THE UNGLUING OF CONTINENTAL CRATONS: A SOLUTION TO THE PARADOX OF LARAMIDE CRUSTAL DETACHMENT
The congruencies of Laramide timing and shortening directions in Wyoming with slip in the adjoining Cordilleran Thrust Belt indicate a shared motive stress. A push from the west explains the top-to-the-ENE crustal detachment at ~30 km depth indicated by the miss-match between Laramide arch and Moho geometries, as recently documented by the seismic experiments and structural modeling of the NSF/EarthScope Bighorn Project. Thus, the ~ENE-directed compression that drove Laramide crustal detachment in Wyoming probably originated in the Cordilleran orogenic welt.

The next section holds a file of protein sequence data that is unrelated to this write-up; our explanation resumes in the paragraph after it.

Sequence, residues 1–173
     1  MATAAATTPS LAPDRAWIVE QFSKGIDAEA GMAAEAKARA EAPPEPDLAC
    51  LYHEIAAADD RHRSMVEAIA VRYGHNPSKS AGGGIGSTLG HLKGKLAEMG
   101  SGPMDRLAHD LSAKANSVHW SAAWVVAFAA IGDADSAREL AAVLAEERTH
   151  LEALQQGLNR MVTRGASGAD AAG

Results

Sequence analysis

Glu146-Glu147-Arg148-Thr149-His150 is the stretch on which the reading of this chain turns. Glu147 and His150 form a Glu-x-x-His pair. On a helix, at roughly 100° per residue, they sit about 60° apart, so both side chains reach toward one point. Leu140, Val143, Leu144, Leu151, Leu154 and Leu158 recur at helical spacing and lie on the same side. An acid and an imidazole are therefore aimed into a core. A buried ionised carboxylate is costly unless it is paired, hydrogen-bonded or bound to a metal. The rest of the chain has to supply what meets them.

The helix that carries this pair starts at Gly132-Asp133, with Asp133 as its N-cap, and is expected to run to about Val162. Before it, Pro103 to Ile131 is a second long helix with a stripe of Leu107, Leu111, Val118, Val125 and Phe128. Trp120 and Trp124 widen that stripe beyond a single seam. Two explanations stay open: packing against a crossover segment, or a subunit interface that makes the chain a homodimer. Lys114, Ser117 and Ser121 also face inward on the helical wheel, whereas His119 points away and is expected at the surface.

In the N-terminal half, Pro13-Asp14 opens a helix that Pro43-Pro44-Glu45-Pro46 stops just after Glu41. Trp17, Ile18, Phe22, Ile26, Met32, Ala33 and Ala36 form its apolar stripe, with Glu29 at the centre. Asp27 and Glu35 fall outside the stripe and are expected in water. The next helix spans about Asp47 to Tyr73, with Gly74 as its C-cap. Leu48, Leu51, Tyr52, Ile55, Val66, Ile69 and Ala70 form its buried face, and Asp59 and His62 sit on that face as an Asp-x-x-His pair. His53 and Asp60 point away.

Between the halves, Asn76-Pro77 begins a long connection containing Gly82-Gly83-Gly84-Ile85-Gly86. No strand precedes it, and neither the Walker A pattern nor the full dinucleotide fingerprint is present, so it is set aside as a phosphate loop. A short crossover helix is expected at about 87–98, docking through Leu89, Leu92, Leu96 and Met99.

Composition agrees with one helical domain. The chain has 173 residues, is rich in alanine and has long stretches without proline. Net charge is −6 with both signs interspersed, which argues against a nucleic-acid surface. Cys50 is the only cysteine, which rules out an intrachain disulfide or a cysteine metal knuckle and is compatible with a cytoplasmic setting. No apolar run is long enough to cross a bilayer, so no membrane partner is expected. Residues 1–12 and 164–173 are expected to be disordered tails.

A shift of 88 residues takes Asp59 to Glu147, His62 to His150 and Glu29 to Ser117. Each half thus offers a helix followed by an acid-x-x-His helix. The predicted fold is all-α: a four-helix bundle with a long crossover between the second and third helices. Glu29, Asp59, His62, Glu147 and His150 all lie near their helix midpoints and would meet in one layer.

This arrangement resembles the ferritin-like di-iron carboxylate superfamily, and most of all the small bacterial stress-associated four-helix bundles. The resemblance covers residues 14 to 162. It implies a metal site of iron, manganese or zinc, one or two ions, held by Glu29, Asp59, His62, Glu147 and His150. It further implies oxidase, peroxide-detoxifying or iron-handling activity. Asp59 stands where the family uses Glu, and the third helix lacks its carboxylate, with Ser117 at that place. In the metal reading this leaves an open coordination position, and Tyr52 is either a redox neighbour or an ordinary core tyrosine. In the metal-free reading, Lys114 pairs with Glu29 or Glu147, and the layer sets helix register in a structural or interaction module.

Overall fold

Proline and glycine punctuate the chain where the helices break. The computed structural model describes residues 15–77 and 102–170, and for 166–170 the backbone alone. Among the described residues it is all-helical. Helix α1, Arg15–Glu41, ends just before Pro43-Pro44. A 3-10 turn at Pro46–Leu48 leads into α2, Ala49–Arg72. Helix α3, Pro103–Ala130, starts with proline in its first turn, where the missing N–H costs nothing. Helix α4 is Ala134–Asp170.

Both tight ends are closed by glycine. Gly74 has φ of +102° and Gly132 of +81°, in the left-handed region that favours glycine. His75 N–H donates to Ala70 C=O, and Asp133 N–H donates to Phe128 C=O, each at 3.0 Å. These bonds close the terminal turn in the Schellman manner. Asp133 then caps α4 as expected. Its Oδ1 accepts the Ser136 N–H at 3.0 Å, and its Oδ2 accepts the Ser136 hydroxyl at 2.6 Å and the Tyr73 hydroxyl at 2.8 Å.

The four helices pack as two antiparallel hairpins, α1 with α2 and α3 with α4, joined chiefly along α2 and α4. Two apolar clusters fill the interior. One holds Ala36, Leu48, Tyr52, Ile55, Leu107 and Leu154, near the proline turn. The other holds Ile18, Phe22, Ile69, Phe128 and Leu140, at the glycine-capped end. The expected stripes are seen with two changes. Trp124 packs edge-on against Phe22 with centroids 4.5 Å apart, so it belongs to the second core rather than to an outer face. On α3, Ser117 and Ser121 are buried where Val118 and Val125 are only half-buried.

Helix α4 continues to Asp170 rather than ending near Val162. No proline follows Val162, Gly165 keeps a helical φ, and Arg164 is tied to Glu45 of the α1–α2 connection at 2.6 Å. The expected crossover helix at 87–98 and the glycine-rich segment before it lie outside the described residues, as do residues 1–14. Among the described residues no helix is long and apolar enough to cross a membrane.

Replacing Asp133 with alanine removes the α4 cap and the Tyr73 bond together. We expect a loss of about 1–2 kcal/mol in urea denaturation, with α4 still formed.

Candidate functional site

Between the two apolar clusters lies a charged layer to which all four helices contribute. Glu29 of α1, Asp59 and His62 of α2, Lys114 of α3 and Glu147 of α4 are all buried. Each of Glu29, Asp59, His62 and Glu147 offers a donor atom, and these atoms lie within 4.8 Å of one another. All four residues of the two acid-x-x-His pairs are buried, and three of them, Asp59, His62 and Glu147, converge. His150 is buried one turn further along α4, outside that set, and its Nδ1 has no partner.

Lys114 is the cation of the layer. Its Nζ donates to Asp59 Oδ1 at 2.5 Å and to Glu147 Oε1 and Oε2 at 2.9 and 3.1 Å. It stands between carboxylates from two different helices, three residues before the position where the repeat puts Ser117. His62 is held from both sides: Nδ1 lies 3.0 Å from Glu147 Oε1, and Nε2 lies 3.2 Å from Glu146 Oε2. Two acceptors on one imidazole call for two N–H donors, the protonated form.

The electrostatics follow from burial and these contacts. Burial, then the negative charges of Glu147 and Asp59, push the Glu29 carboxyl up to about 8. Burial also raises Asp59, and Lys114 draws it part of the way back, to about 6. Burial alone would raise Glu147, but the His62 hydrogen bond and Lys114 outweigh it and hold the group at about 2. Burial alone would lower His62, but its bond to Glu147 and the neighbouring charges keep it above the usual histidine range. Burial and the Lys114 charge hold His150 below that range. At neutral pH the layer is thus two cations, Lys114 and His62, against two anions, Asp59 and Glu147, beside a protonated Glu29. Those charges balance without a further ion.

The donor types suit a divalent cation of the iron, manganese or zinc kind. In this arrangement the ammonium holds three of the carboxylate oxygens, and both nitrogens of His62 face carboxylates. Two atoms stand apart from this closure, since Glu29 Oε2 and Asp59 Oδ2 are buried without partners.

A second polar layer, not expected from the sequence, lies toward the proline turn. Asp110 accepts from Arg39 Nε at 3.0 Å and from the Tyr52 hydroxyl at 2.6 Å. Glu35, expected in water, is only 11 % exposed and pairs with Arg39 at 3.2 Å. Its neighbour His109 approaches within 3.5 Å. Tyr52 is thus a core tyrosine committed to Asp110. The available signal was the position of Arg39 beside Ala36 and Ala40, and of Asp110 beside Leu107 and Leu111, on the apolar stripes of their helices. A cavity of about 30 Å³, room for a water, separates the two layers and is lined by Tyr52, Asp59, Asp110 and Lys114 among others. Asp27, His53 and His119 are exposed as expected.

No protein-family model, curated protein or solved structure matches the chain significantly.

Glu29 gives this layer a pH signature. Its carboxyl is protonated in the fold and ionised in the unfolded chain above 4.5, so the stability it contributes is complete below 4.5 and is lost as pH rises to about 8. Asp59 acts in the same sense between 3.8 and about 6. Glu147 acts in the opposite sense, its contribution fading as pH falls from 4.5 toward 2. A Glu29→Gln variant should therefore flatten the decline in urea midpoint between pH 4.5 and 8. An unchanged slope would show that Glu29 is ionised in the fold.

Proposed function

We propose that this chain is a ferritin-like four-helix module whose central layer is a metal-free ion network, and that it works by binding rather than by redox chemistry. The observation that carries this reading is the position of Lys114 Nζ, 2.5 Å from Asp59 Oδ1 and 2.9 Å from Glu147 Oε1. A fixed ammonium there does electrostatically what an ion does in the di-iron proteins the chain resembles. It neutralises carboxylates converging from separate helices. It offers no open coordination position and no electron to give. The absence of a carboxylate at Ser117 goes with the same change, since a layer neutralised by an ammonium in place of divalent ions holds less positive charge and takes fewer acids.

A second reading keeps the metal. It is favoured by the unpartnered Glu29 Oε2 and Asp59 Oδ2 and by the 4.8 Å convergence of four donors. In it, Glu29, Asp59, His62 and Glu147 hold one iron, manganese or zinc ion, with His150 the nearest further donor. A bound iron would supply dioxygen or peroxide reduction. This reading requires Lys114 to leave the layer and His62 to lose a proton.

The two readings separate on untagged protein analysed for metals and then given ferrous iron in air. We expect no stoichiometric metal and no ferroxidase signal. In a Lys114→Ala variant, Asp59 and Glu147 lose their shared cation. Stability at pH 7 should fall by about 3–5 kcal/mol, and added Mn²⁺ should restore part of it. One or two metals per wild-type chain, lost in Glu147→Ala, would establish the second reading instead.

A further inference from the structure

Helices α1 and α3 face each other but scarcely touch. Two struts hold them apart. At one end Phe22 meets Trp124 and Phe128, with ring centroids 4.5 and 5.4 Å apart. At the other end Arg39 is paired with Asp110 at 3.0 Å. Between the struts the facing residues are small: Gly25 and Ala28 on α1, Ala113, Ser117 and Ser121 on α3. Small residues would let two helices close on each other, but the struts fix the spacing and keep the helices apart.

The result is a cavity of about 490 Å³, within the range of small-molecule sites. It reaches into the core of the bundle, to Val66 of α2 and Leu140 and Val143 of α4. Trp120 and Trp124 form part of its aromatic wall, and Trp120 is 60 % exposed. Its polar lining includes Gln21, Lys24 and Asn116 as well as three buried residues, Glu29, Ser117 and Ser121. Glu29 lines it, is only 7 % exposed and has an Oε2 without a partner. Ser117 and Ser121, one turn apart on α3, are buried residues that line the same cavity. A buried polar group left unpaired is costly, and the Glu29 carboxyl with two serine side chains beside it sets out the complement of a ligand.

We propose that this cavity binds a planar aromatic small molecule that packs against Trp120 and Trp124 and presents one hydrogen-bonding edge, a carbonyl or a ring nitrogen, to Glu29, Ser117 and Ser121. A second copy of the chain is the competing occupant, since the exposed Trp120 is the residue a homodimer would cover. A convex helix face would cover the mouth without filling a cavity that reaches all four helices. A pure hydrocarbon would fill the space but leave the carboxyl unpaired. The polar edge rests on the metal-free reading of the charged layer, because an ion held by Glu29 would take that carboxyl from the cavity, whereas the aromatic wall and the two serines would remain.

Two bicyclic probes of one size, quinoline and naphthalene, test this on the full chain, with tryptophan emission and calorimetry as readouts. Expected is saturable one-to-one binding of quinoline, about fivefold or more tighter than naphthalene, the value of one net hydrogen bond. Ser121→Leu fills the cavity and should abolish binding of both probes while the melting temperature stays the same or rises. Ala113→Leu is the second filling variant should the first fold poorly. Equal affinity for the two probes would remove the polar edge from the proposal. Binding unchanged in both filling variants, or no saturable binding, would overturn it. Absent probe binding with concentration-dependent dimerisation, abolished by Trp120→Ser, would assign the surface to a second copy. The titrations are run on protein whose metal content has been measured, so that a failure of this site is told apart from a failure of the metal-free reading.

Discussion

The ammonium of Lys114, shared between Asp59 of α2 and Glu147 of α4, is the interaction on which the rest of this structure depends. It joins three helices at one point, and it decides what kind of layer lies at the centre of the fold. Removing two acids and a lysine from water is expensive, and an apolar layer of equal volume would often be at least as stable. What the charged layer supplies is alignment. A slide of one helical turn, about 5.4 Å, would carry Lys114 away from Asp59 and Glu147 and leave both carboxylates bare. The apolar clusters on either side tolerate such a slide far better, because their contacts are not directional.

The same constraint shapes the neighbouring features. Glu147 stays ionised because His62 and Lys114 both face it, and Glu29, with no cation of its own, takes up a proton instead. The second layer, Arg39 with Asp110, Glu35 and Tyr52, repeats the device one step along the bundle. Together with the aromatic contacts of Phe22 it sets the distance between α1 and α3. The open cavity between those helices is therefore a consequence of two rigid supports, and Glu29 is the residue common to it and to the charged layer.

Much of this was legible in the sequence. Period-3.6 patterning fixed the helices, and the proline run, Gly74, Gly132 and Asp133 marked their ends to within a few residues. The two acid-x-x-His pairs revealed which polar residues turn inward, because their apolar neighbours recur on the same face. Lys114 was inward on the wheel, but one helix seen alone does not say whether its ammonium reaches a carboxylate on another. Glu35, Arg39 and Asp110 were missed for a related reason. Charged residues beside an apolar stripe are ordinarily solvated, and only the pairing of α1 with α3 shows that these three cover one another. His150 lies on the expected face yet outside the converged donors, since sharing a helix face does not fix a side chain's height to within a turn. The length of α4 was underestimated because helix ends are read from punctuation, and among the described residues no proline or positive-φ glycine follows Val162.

But why did Laramide lower-crustal detachment develop in Wyoming’s mostly Archean craton and not in the craton adjacent to the Canadian Thrust Belt to the north? Low-angle subduction places a slab beneath the craton’s mantle lithosphere and should cool the overlying craton, making it more resistant to deformation. We suggest that the subducted slab contributed fluids which, when thwarted from their usual roles of fluxing arc magmatism and aiding corner flow, leaked upward into the craton and unglued it. Fluids probably pooled in the lower crust because layer-parallel, constrictional shortening in all horizontal directions within the detached crust would have greatly reduced upper-crustal permeability. The detachment’s considerable weakness, as indicated by the Laramide’s very low critical-taper angle, probably resulted from retrograde metamorphism to phyllosilicate-rich lower crust and/or increased fluid pressure. This process may have been analogous to that responsible for today’s episodic tremor and slip (ETS) events. Thus, the Laramide was probably driven by Cordilleran compression aided by subduction dewatering that unglued the craton.